Neely v. McGehee
Appeal Court of Appeals for the Fifth Circuit, Case No. 4345

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2 F.2d 853 (1924)

NEELY
v.
McGEHEE et al.
In re L. D. MURRELLE LUMBER CO.

No. 4345.

Circuit Court of Appeals, Fifth Circuit.

December 9, 1924.

J. Morgan Stevens, of Jackson, Miss. (J. Morgan Stevens, of Jackson, Miss., Holmes & Canale, of Memphis, Tenn., and Wells, Stevens & Jones, of Jackson, Miss., on the brief), for petitioner and appellant.

Luther A. Whittington, of Natchez, Miss., for respondents and appellees.

Before WALKER and BRYAN, Circuit Judges, and CLAYTON, District Judge.

WALKER, Circuit Judge.

By appeal and by petition to superintend and revise the trustee in bankruptcy of a Tennessee corporation, which was adjudged bankrupt under a petition filed on December 15, 1923, complains of an order dismissing a petition, which prayed for a summary order requiring a receiver appointed on May 21, 1923, in a suit brought against such corporation in the chancery court of Franklin county, Miss., to turn over and deliver to such trustee in bankruptcy property in Mississippi, *854 which went into the possession of such receiver upon his appointment and was in his possession as receiver when the dismissed petition was filed. The bill in the suit in which the receiver was appointed showed that the complainant therein was a creditor of said corporation, and it prayed that a receiver of assets in Mississippi of the nonresident debtor be appointed to hold and conserve those assets until the rights of the creditors have been fully determined and adjudicated, and in the end distribute the same as the court may direct.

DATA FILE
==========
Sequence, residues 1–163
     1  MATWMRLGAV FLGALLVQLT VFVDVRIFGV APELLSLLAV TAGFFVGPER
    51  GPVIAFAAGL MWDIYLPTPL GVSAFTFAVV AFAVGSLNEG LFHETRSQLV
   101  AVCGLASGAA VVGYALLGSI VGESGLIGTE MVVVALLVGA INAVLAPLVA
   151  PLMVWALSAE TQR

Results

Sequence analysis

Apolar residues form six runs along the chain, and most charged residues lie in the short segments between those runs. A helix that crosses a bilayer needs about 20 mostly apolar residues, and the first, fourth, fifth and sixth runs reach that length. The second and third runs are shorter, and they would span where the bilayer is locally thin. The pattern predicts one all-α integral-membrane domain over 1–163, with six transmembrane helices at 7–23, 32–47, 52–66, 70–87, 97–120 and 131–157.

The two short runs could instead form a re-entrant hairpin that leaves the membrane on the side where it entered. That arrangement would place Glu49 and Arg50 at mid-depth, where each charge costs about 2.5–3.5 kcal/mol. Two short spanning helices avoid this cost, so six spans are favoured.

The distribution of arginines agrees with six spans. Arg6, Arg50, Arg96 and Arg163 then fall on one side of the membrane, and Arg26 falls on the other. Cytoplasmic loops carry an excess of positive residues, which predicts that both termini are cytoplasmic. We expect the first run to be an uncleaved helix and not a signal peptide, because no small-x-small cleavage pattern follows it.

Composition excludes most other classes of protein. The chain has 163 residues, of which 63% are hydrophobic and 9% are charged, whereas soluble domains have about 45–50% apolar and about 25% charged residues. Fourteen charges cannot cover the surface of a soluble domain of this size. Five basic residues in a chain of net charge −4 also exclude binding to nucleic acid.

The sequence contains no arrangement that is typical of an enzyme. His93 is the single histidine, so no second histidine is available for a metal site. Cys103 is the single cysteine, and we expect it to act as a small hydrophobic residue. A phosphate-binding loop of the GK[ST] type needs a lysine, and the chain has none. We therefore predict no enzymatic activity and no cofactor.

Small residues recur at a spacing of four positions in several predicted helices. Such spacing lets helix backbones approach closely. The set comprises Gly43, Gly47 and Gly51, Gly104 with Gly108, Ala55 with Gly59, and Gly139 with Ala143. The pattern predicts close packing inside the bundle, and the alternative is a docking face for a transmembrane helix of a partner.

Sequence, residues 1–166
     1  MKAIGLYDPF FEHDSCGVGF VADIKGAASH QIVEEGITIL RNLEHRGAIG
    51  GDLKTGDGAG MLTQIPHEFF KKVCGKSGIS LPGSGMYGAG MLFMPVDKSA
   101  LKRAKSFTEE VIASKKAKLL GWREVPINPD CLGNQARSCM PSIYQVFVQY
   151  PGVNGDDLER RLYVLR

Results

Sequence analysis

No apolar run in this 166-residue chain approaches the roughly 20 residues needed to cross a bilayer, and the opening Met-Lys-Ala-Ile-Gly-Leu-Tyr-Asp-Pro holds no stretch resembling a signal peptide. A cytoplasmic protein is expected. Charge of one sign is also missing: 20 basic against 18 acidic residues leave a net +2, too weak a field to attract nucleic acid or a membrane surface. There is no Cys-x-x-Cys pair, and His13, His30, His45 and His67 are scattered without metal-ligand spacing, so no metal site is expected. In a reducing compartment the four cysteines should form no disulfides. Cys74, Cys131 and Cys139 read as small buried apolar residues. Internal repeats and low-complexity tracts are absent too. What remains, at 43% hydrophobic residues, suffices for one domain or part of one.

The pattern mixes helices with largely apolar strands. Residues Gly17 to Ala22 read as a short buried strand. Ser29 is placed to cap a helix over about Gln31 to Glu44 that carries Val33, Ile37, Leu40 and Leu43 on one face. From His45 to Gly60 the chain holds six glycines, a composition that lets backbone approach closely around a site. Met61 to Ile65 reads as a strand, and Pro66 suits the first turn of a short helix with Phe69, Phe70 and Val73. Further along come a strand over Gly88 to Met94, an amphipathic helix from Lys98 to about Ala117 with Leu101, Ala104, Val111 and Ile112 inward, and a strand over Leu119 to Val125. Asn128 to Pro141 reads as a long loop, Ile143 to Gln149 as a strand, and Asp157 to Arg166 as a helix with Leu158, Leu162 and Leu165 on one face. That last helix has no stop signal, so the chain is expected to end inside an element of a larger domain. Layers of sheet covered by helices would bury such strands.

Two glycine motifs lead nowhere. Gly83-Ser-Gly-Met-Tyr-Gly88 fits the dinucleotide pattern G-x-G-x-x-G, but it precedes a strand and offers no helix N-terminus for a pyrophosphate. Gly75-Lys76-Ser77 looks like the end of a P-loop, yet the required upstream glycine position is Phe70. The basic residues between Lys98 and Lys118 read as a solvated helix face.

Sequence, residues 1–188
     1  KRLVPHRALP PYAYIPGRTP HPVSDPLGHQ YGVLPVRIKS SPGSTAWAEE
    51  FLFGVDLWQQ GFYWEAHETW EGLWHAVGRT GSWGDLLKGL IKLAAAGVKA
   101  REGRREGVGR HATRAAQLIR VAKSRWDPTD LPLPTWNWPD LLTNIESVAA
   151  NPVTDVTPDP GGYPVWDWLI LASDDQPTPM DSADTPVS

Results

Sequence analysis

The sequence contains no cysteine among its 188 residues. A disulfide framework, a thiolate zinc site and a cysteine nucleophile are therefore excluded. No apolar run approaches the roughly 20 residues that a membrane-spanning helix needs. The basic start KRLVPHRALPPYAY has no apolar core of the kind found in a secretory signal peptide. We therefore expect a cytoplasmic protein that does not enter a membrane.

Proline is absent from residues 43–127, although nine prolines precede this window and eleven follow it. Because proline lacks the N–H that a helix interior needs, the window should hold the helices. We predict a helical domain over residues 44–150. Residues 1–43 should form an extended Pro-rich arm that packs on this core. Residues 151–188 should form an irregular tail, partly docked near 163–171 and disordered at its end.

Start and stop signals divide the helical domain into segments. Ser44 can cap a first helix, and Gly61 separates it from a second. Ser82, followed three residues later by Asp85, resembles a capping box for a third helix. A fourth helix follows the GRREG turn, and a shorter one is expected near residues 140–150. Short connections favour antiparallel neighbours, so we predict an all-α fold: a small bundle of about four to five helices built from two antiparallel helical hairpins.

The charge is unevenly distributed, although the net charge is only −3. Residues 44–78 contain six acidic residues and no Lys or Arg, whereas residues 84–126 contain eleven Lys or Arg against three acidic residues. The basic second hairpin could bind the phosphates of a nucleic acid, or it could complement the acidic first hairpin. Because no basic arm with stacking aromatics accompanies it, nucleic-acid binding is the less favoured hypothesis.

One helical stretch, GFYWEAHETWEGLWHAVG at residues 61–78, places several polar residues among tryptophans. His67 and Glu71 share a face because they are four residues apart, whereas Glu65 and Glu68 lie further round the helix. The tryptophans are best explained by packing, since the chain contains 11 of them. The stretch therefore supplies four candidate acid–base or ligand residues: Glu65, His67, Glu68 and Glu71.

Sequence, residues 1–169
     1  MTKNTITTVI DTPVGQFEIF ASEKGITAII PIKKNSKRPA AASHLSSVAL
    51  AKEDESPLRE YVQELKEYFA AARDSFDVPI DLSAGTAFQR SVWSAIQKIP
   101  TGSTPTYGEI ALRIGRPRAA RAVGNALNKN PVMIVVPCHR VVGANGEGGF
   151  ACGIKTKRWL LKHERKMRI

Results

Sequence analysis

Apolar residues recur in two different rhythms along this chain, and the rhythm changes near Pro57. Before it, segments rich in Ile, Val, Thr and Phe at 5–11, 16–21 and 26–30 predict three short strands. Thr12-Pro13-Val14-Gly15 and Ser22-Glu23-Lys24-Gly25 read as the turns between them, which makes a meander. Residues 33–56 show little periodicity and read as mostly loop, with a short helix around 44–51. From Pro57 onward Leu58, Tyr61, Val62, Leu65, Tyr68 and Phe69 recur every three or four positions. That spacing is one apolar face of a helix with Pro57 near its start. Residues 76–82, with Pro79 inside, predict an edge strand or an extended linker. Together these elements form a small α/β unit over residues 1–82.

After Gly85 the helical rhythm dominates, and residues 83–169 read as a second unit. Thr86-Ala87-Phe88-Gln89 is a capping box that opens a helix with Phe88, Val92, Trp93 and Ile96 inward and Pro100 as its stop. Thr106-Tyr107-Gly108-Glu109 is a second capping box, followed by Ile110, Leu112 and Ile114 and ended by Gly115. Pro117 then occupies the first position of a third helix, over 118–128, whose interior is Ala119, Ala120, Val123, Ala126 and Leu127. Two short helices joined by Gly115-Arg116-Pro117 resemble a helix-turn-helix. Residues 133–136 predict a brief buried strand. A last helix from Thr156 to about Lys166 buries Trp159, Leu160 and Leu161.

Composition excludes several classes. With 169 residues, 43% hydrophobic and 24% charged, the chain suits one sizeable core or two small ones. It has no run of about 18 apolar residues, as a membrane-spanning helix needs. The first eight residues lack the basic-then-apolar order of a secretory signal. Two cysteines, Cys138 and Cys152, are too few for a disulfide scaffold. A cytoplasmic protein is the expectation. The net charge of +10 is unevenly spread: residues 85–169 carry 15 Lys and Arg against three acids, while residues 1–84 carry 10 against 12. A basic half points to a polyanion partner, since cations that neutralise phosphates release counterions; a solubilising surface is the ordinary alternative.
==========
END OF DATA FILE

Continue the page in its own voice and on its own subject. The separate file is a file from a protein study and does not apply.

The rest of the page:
Whether the action of the Mississippi court in appointing the receiver and in having assets of the debtor held for disposition under its orders was or was not erroneous, that action was not void. Independently of statute, by virtue of its general equity powers, that court may, without a judgment at law and nulla bona return, subject to the demands of creditors the effects in Mississippi of a nonresident debtor. Dollman v. Moore, 70 Miss. 267, 12 So. 23, 19 L. R. A. 222. Jurisdiction of the state court having attached, its action in having the debtor's property seized and held by its receiver, when questioned collaterally, unless impeached for fraud, must be regarded as regular in all things and irreversible for error; it being of no avail that the court's action was erroneous, where what it did in taking possession and control of property was within the scope of its power or jurisdiction. Manson v. Duncanson, 166 U. S. 533, 17 S. Ct. 647, 41 L. Ed. 1105; Cornett v. Williams, 20 Wall. 226, 22 L. Ed. 254.

The state court's jurisdiction over the property held under its orders by its receiver was not affected by the bankruptcy adjudication under a petition filed more than four months after that court, through its receiver, acquired possession of the property in question. The bankruptcy court was without right to draw to itself the possession and administration of property of the bankrupt of which the state court acquired possession and control as above stated more than four months prior to the filing of the bankruptcy petition. Blair v. Brailey, 221 F. 1, 136 C. C. A. 524; Empire Trust Co. v. Brooks, 232 F. 641, 146 C. C. A. 567. It follows that the court did not err in making the ruling complained of.

We think that that ruling is properly presented for review by the petition to superintend and revise. The appeal is dismissed. The petition to superintend and revise is denied.

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